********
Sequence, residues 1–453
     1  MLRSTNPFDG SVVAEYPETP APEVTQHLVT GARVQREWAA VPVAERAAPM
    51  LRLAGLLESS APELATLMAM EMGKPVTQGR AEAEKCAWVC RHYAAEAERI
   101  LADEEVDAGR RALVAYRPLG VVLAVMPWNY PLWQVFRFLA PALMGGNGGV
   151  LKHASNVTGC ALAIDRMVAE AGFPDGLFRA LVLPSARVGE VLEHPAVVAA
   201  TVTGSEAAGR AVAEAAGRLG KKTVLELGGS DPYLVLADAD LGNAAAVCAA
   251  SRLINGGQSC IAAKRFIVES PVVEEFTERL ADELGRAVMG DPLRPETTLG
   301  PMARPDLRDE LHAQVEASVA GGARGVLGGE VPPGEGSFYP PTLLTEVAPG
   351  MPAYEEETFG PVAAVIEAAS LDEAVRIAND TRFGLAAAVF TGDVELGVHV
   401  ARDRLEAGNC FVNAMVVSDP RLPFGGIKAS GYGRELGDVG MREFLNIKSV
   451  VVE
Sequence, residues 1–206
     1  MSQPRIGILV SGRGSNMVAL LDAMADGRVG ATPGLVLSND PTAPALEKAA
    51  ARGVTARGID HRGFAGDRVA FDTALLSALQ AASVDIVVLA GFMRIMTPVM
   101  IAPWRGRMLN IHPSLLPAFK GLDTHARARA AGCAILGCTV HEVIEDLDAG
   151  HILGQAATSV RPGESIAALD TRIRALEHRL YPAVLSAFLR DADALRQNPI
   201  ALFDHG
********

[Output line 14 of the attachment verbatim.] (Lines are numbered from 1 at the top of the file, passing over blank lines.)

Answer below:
    51  ARGVTARGID HRGFAGDRVA FDTALLSALQ AASVDIVVLA GFMRIMTPVM